AFL chief executive Gillon McLachlan has hinted the league will introduce a concussion substitute just two days out from the start of the 2021 season.
McLachlan said an announcement would be made on Tuesday morning regarding the potential rule that would most likely see a 23rd player named to a team’s squad but only used in the event a teammate suffered a concussion during the game.
The season kicks off at the MCG on Thursday night when premiers Richmond play Carlton.
“I think there’ll be a decision or an announcement in the morning,” McLachlan told Fox Footy’s AFL 360.
“There’s a lot of stakeholder management to work through, directionally, (but) this is what I’d say:
“This is something that’ll have no impact on the game, the rules.
“It’s a health and safety possibility that I think makes sense if the clubs and coaches want to support it.”
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McLachlan indicated the discussions were still ongoing amid deliberations over whether a substitution would be a general medical substitution, rather than just for concussions.
“That’s why we’re still discussing it, because I think that medical aspect rather than just concussions, is where this might go,” McLachlan said.
“I think that’s what Steve Hocking’s working through at the moment.”
Richmond coach Damien Hardwick said he expected the concussion substitute rule to be confirmed on Tuesday but hoped it would instead be a medical substitute along with potential flexibility over which emergency to use rather than a set substitute.
“To get a concussion sub and then a guy breaks his leg four minutes later – why shouldn’t you be able to use the sub for that reason also?” Hardwick also told AFL 360.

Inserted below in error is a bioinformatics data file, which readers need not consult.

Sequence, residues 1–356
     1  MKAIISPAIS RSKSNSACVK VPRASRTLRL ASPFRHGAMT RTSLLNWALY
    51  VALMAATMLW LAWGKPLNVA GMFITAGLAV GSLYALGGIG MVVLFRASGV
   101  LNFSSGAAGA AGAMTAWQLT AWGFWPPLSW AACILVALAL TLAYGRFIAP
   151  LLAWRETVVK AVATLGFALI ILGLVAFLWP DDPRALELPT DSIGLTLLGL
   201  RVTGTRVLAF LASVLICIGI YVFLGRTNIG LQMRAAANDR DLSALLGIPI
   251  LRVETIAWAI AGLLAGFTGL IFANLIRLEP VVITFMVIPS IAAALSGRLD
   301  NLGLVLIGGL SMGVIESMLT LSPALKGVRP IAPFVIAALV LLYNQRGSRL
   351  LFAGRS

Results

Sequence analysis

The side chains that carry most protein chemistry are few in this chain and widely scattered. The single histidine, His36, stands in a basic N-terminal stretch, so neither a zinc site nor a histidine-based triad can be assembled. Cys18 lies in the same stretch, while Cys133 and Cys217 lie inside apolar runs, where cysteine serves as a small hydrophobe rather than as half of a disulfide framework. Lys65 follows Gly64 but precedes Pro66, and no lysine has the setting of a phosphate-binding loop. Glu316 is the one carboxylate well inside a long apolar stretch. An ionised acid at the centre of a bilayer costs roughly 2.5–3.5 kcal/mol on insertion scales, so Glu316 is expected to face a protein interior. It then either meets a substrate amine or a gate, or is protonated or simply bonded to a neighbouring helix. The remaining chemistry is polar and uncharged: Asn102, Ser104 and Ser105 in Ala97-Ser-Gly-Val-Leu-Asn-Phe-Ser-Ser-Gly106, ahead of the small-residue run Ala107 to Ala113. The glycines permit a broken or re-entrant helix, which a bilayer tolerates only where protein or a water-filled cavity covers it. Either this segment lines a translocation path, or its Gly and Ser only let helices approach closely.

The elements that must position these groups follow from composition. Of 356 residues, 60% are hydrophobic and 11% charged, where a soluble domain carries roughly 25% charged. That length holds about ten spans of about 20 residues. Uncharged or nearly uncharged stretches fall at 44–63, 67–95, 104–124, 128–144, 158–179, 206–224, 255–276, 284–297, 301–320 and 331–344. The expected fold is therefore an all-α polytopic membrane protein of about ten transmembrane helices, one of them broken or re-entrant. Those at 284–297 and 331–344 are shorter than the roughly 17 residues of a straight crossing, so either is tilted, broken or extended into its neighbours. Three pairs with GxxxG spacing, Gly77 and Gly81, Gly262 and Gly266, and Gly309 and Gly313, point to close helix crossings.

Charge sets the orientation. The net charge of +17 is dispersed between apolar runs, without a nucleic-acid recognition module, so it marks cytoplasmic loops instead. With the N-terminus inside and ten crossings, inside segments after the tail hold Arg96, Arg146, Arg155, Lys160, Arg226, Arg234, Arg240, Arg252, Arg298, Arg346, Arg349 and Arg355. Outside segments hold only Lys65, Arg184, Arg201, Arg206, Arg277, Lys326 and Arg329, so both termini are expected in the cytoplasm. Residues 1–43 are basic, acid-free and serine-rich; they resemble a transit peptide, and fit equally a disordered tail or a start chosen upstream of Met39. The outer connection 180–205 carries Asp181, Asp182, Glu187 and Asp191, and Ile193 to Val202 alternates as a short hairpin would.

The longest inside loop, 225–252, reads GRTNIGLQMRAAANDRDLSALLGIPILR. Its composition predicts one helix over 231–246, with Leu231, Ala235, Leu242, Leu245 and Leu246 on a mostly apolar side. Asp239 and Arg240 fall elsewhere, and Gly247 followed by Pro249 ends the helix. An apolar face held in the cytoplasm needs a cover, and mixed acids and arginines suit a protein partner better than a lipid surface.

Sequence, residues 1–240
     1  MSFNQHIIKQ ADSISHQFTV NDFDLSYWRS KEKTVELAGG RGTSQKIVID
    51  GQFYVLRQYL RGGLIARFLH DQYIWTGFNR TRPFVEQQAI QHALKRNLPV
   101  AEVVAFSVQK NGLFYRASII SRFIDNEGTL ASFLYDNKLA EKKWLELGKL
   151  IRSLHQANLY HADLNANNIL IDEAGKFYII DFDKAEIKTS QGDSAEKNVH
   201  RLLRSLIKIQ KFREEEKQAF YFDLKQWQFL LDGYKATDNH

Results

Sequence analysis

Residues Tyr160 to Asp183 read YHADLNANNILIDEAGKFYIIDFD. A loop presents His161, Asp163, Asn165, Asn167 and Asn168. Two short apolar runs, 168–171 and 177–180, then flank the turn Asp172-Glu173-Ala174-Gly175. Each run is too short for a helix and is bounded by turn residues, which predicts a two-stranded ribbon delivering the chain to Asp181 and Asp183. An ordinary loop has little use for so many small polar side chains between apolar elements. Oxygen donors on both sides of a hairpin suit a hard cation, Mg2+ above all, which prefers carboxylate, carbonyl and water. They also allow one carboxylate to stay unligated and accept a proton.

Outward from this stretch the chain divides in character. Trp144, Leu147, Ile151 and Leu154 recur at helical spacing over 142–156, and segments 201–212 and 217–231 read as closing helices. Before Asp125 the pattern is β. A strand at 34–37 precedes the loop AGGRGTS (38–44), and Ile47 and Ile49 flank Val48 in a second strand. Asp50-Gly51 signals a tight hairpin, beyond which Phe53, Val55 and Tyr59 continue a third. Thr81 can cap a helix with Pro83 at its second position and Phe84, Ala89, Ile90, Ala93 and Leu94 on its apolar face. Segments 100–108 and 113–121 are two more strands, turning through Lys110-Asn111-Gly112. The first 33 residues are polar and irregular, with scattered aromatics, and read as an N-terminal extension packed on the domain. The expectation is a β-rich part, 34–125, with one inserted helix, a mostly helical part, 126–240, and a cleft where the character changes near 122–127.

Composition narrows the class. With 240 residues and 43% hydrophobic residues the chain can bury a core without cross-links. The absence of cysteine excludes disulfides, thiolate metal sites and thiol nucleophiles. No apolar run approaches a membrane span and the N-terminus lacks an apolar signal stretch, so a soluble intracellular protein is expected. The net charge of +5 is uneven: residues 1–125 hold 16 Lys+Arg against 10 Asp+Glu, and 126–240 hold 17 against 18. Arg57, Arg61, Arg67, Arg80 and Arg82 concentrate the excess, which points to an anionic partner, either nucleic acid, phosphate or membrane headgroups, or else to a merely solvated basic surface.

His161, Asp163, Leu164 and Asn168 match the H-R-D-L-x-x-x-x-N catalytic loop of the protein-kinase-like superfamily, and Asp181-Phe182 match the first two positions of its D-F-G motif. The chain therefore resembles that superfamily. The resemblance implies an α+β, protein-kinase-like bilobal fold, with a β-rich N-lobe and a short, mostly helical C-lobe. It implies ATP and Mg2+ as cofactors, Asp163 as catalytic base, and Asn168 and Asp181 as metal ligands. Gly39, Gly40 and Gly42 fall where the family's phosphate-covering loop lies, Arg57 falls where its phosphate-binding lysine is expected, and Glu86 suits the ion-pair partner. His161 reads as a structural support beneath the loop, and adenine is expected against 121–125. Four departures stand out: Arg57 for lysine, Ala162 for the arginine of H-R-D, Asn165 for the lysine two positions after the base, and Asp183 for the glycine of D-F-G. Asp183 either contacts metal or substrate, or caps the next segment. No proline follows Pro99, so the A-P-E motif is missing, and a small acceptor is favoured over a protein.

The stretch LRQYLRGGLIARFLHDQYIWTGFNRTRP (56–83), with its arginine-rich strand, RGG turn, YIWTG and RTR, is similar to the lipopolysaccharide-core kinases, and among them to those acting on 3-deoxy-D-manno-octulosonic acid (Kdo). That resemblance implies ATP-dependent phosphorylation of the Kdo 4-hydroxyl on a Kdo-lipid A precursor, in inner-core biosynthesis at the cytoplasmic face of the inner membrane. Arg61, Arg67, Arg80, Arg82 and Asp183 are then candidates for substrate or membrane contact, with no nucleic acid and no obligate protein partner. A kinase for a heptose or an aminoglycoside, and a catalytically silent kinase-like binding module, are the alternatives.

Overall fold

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Hawthorn coach Alastair Clarkson told SEN on Monday morning the coaches were “nearly unanimous” in pushing for the concussion substitute, while GWS counterpart Leon Cameron also publicly backed it.
The AFL previously tightened its concussion protocols in January, with players now ruled out for 12 days after suffering concussions.
Richmond premiership captain Trent Cotchin also threw his support behind a concussion substitute plan.
“It’s important that we protect the players and make sure that they don’t feel like they’re letting teammates down if they don’t play,” Cotchin said.
“With the education that’s around it and the way it typically impacts you, not just now but also down the track in your life.
“I think we’re aware of how significant concussion can be.
“We just want to make sure that we create a really safe environment for players to play.”
Clarkson suggested the substitute player could be restricted to under-21s to avoid coaches bringing on experienced players for tactical reasons, while Sydney counterpart John Longmire flagged including slightly older players with minimal senior experience.